I say this because Smiley's laundromat is long since dead. The building which housed it existed until only around a half a year ago, with the windows boarded up and the parking lot fenced off. I remember, only a few months back, going for a long walk down Colfax and taking photographs of every building possible. I didn't even know then that the building had been scheduled for demolition, but in the end it didn't matter because the film I had taken never developed.

I do, however, have one captured image of the building which used to house the famous laundromat where so much went on. Ironically, it was part of a short science fiction/horror film I made about the impermanence of life and the constant change time imposes. The film features what I presume are some of the last images ever taken of a building which had long overstayed its welcome, an anachronistic remnant of a Colfax which, by the day, is ceasing to exist, full of building and people nobody bothers to record or recognize. The shadows of the past, burrito man among them, are all gone now, unless people like myself relate them to the public, and I hope I've done justice in telling this tale yet again.

Where Smiley's Laundromat and its respective building once stood, there's just a blank dirt hole. It took around 2 months for the construction team to clear out all the rubble, wrest down every last wall and cart it away to the landfill. It was probably for the best, the building had probably become a cockroach paradise. Even so, its absence is tangible, even bizarre. I imagine that in the near future a modern swanky hotel or something will be built in its place, or maybe a gym or something tacky and useless like that. The Colfax of yesteryear is slowly being gentrified, and I'm glad I impulsively captured that video when I did, because there is something very eerie and very impressive about viewing a phantom akin to the building which once housed hundreds of washing machines and dryers and detergent dispensers and then fell silent one day and remained empty for almost a decade before its ultimate end.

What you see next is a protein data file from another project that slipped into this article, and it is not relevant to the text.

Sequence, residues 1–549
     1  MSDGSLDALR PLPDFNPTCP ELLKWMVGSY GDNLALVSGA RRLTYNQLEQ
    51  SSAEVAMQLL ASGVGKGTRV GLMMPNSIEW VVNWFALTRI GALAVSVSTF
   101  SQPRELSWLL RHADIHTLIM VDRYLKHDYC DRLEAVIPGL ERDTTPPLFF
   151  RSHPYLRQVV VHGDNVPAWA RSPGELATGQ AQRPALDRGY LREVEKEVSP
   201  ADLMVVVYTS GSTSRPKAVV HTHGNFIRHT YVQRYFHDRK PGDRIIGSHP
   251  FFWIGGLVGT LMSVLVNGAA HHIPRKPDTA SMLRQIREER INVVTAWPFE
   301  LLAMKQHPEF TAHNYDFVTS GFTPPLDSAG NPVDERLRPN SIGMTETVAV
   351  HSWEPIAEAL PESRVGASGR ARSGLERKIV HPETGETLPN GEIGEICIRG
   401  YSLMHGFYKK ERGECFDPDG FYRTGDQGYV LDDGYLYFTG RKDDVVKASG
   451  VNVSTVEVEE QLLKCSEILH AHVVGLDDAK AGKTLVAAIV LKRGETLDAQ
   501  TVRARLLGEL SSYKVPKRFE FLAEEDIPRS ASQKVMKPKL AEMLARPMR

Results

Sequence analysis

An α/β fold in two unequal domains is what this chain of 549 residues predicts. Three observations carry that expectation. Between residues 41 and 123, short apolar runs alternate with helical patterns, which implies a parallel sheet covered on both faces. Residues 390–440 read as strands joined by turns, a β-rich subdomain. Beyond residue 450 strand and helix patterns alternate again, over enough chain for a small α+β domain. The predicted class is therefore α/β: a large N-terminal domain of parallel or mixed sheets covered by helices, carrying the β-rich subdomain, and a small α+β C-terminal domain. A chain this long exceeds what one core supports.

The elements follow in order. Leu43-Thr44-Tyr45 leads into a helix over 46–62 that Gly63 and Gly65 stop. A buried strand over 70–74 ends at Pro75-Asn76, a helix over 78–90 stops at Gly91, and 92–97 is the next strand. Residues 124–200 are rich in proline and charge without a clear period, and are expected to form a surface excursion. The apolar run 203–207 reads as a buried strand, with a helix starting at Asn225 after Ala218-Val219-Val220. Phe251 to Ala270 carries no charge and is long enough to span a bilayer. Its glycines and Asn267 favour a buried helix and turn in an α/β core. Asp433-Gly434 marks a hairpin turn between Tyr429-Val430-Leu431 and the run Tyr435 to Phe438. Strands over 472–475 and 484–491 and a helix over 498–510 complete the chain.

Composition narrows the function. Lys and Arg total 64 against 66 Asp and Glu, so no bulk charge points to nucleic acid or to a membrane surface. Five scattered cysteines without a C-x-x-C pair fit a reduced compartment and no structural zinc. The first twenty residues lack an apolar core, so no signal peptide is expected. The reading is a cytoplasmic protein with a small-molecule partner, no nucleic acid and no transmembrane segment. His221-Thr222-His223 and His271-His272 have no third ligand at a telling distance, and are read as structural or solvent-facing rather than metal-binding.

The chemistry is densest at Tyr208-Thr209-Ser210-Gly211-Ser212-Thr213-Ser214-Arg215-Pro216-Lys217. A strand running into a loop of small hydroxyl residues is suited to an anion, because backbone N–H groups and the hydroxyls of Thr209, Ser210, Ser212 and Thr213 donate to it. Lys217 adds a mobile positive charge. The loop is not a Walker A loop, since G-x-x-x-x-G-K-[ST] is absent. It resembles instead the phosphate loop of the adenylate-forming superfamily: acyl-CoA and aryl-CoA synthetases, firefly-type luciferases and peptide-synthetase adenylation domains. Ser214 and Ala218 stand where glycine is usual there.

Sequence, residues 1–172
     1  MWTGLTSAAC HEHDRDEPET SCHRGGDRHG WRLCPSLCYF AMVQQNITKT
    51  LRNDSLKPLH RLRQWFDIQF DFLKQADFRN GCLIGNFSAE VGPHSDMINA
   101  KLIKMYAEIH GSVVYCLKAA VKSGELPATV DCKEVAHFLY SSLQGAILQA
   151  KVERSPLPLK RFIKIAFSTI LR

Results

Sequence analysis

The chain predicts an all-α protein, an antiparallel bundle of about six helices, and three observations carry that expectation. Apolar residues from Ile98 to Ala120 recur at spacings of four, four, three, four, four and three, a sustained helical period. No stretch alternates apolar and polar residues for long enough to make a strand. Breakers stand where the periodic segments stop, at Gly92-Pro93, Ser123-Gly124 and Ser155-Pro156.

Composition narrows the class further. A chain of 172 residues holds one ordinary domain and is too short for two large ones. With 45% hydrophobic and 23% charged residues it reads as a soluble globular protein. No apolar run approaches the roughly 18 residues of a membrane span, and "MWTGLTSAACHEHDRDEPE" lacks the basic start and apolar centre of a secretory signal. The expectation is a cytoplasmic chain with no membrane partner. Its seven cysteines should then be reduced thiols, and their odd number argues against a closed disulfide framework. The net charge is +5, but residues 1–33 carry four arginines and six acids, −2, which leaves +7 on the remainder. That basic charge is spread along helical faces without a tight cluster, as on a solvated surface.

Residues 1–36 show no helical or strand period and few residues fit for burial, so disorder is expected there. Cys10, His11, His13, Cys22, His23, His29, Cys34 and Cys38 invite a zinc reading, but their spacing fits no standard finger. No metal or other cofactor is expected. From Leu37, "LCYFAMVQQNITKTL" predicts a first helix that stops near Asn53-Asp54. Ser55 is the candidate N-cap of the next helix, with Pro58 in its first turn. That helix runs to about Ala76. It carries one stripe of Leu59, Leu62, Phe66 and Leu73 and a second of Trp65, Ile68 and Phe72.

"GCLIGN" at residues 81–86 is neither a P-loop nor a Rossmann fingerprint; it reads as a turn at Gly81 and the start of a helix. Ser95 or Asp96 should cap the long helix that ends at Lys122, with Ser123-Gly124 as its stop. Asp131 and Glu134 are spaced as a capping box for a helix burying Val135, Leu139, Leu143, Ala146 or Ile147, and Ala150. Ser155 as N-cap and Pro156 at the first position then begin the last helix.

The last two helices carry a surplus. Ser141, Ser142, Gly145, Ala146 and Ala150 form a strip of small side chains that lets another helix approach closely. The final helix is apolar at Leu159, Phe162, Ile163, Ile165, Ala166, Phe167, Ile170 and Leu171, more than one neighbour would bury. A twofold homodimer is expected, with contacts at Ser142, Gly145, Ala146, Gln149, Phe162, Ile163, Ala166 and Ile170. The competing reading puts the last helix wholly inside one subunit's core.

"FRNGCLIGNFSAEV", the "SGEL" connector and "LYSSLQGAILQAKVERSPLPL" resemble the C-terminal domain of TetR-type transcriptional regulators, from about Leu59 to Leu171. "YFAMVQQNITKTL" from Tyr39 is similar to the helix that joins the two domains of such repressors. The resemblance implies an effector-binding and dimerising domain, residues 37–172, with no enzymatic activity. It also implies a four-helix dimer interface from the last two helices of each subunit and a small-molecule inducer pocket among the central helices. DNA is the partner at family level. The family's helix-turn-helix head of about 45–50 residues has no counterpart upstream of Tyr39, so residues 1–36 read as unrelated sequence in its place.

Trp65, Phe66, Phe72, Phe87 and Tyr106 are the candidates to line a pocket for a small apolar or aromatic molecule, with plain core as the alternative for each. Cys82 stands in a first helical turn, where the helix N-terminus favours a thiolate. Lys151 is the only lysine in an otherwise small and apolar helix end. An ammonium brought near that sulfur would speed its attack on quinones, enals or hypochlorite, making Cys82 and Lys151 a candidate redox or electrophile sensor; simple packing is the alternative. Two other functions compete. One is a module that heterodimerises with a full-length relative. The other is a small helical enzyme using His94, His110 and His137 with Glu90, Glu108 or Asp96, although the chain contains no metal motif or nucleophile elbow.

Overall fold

That's the power of film for you, I guess.


On the corner of the house where I grew up, now where my mother resides alone, was an electric cinema house complete with an elaborate spire that jutted out over the road.

It never functioned when I was a kid, and was boarded up for a long time like most defunct cinemas were back then. The area I lived in was originally a well-todo Victorian suburb that throughout much of the 1900s saw a decline in its former prominence, allowing more disadvantaged families such as my own to live there.

It's now being rapidly gentrified, to the point that the old cinema house was converted into a block of flats, and a few supermarkets sprang up next to it. All the decrepid allure of the structure is gone, and although they kept the spire (due to some local outrage) it looks nothing like it used to, and is more of an oddity than a historical marker.



Awesome, I really enjoyed this (the writing, not the loss of Smiley's Laundromat). Nice stuff :)